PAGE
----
So, what did I like about Just One Day? As mentioned before, Gayle Forman’s writing is always beautiful. I did really enjoy the college setting, and actually getting to see one of Allyson’s classes. I liked the idea of Allyson’s journey, but it was so tied up in her relationship with Willem that it never quite seemed to work out in the right way. These small things are what kept me reading, but on the whole, I’m sad to say I didn’t enjoy the book.

Final Impression: So many people love this one, but I found it problematic on multiple levels. I thought the relationship between Willem and Allyson was unhealthy, so it was hard for me to root for Allyson since her continual fascination with finding Willem was so tied up in her personal journey. There were a few things I liked, but not enough to save this book into “I liked” territory. 2/5 cupcakes.

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2 Stars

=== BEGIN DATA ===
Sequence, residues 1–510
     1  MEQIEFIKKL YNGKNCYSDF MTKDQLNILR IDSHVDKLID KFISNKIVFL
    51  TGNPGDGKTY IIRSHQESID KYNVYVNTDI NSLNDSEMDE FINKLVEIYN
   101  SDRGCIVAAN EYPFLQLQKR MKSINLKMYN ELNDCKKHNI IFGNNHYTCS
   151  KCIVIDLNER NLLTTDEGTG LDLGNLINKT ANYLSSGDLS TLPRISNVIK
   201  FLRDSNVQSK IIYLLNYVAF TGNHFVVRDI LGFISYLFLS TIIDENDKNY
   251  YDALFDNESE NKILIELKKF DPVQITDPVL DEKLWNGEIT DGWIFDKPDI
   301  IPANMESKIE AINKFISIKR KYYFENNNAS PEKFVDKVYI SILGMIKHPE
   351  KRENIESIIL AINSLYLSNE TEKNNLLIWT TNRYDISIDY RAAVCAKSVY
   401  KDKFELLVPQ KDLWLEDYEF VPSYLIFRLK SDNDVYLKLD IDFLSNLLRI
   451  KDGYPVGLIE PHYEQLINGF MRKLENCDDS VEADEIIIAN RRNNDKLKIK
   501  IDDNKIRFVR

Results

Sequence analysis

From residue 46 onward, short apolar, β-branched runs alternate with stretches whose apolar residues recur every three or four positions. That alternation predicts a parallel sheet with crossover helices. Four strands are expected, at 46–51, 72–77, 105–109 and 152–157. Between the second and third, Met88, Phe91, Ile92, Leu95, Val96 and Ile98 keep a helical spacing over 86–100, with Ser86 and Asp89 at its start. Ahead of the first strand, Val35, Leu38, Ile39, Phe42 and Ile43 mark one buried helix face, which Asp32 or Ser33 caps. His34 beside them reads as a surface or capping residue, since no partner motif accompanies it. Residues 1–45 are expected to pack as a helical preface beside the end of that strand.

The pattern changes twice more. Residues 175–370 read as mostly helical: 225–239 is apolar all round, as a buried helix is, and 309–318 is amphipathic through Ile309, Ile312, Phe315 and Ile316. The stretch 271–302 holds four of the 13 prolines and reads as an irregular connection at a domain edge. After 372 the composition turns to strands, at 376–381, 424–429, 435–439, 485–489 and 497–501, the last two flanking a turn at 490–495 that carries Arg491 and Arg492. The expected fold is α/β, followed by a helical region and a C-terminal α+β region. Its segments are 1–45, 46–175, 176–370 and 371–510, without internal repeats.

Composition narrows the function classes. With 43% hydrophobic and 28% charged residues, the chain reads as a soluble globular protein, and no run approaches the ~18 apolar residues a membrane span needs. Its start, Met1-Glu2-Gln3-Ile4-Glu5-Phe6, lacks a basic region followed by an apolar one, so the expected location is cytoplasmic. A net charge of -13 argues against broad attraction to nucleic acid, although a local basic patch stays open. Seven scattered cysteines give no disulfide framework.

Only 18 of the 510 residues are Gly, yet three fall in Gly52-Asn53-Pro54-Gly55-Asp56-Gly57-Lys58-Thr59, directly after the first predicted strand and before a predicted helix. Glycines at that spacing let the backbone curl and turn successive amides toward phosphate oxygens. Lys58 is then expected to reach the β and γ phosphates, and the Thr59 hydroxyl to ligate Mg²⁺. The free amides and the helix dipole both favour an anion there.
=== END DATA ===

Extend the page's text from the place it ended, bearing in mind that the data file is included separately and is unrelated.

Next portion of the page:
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10 responses to “Book Review: Just One Day by Gayle Forman

  1. Oh nooooooo! I was all ready to leave happy comments haha. I was one of those people who identified with Allyson. Granted, her issues were obviously a lot more… dramatic than my own but I saw so much of my past in her present.
    But yes…. If you hated this do NOT read JOY hahaha. It was rough at parts and I totally don’t think it would work for you. Unless it’s totally reversed and you love it haha

    • stormydawnc

      I feel like I SHOULD have identified with Allyson so, so much. Like on paper we’re so similar, and I wonder if that’s what one of the problems was? It makes me so sad because I thought I would LOVE it but I just dreaded reading it.